winter terms by studentsat the University of Michigan. One copy is available free of charge
to all readers. Additional copies may be picked up at the Daily's office for $2. Subscriptions for
fil term, starting in September, via U.S.mal are$110.interterm (Januarythrough April)is
$11, yeariong (September through Apri)is $195..niversityaffiliates are subject to a reduced
subscription rate.On-vampus subscriptionsfor faltermare 500.Subscriptionsmustbeprepaid.
The Michigan Daily is a member ofnTheoAssociated Press and The AssociatedCollegiate Press.

Bike stolen Caught green- .i
WHERE: East Ann Street handedF
WHEN: Thursday at about WHAT: The University performancce
4 t.m WHERE: Burslev Hall of Mi'hiOt D ia C

WHAT: A bike reportedly
was taken from a bike rack
near Biomedical Science
Research Center sometime
between April 5 and 15.
There are currently
no suspects.

r rnc "1ny rdi
WHEN: Thursday at about
3:30 p.m.
WHAT: A subject was
arrested, processed and
released for possession of
suspected marijuana.

or ilcnigan ietrot me
ter concludes its Sankofa
Film Series with "Colored
Frames." Following the film,
Marvin Chatman, a profes-
sional artist and professor at
Wayne County Community
College, will respond to.
audience questions.
WHO: Detroit Center
WHEN: Today at 6 p.m.
WHERE: Detroit Center -
South Studio

WHAT: "Crazy for You," is
a musical by George Gersh-
win, Ira Gershwina and Ken
Ludwig about a star-struck
New York City playboy who
finds his dreams - and love -
in small Nevada
mining town.
WHO: School of Music,
Theatre & Dance
WHEN: Tonight at 8 p.m.
WHERE: Power Center

Business showcase promotes

County-led project prepares

social change with competition for shopping complex opening

Student groups
compete for social
responsibility prize
ByAMRUTHA SIVAKUMAR
Daily News Reporter
Changing the world needs to
start somewhere. Through their
Social Innovation Showcase,
the entrepreneurial e organiza-
tion optiMize hopes that change
begins with them.
optiMize connects aspiring
entrepreneurs with the resources
and skills needed to build a busi-
ness with a social conscience.
After a semester dedicated to
constructing pitches, analyzing
consumer'markets and develop-
ing products, optiMize members
came together Thursday evening
to present new social innova-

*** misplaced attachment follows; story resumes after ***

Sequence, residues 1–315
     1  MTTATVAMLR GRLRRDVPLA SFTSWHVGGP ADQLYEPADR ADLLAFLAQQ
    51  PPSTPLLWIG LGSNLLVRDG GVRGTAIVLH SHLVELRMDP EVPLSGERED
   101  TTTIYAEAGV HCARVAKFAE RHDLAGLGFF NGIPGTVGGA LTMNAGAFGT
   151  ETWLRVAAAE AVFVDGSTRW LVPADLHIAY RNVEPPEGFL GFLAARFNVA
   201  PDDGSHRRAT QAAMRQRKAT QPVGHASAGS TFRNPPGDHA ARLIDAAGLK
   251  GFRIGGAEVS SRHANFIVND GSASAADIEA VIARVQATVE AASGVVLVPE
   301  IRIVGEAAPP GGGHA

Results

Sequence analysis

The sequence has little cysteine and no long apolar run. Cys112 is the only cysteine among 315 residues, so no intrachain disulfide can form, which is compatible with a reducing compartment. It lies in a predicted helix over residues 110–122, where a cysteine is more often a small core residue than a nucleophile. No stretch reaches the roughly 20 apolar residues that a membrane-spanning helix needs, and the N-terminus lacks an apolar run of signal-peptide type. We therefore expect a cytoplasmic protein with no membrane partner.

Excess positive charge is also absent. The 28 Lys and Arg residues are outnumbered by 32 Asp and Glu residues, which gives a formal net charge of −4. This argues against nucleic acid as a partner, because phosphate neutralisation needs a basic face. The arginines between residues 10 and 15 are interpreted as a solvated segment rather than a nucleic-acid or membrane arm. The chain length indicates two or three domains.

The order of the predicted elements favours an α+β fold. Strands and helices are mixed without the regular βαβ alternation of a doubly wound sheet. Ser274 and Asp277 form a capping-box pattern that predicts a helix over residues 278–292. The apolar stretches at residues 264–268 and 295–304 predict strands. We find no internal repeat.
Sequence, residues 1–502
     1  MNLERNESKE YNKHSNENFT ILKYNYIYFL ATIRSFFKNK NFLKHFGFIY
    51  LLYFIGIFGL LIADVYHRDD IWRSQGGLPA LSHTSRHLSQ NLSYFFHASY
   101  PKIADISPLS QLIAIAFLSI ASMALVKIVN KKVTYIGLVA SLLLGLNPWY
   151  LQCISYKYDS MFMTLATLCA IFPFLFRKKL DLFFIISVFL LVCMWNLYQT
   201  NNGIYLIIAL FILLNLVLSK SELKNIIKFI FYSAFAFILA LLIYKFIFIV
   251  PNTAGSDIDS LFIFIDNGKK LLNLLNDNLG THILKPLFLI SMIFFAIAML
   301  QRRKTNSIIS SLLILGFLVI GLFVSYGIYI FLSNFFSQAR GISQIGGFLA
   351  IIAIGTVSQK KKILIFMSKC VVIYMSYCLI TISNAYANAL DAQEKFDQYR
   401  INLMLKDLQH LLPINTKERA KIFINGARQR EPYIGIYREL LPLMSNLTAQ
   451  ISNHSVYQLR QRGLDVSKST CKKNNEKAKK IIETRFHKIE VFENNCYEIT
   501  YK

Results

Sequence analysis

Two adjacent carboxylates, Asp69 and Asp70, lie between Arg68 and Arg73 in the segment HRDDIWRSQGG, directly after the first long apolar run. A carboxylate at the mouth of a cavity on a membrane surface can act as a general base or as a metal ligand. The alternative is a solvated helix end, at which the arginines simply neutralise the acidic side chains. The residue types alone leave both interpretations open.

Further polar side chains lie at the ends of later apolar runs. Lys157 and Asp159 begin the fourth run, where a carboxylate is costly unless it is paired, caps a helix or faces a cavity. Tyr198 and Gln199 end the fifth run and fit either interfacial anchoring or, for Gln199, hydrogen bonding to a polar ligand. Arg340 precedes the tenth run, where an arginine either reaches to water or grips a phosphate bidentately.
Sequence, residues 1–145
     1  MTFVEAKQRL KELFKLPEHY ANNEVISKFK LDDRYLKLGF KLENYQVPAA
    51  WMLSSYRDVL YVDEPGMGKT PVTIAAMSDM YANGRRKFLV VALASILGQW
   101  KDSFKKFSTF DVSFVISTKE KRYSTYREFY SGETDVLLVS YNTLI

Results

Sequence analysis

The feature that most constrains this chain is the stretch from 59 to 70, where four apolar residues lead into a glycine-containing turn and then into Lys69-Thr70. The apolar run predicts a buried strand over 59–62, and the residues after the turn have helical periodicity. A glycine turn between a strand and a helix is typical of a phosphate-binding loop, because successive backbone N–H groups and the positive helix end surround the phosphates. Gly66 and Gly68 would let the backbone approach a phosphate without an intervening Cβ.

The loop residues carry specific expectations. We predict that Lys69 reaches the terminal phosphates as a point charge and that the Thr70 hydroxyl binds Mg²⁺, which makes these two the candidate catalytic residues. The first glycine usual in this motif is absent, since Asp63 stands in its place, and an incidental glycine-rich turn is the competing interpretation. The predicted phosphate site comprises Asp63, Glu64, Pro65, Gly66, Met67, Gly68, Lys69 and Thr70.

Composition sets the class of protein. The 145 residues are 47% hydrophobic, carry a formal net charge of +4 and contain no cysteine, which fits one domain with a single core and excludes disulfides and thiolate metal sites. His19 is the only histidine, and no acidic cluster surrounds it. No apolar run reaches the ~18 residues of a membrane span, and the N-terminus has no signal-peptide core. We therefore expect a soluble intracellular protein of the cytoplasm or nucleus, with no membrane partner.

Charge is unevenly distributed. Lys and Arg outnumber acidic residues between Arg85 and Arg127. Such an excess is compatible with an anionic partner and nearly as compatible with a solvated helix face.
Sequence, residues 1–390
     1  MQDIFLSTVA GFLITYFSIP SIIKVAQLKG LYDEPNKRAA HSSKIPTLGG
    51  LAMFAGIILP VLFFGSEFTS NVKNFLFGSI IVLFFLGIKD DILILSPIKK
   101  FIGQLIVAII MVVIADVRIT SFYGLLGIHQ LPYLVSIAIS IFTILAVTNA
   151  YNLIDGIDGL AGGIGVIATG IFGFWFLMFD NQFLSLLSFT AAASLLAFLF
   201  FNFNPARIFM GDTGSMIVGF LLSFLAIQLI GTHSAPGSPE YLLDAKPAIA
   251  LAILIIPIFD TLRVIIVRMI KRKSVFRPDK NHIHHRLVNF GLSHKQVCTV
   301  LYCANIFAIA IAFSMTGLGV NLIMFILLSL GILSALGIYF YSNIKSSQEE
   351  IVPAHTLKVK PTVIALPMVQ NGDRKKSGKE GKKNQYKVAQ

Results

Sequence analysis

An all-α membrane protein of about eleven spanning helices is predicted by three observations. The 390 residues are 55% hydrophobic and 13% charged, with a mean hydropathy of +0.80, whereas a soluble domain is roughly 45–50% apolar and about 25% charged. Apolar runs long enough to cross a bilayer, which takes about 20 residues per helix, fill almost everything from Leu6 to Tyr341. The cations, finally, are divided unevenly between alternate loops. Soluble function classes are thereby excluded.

tions to a public audience.
As winter semester com-
menced, so did preparations

for what would become opti-
Mize's first Social Innovation
Challenge. Nineteen teams of
students, representing a range
of schools and colleges, came
under optiMize's umbrella to be
connected with resources that
would help them create sustain-
able business models.
As the process neared an end,
five teams of social entrepre-
neurs were selected out of the
19 to present their pitches at the
Showcase on Thursday evening.
The teams who presented and
competed at the Social Innova-
tion Showcase included Beyond
Bounds, a program helping Uni-
versity underclassman be more
proactive and make better use of
university resources; Volunteer
Buddy, a mobile application con-
necting prospective volunteers
with non-profit organizations;
ReSource Fund, a micro-financ-
ing scheme helping low-income
community members avoid
financial exploitation through

one-on-one coaching; ReGrow
Detroit, a branch of the Michigan
Union.Urban Farming Initiative
that proposes to turn blighted
homes into agricultural hotspots;
and the Detroit Entrepreneur-
ship Network, an organization
revitalizing entrepreneurship
among Detroit youth.
The optiMize cash prize was
awardednotthroughaconvention-
al selection process but through
the calculation of the volume of the
crowd's cheers. The Detroit Entre-
preneurship Network collected
the loudest audience reaction and
swept the award.
Each of the five finalists were
awarded .$5,000 from optiMize
sponsors. Sponsors included
United WayofWashtenawCoun-
ty, Menlo Innovations and LSA.
In an interview at the event,
E. Royster Harper, vice president
for student affairs, said Universi-
ty administrators would cbntin-
ue to support a growth of social
ventures on campus by "encour-

Arbor Hills "Ann Arbor is a unique mar-
ket, and we definitely want
shopping center to a have a nice combination of
national tenants and local ten-
open in August ants who understand Ann
Arbor," Stegeman said.
ByASHWINI NATARAJAN Project partner Max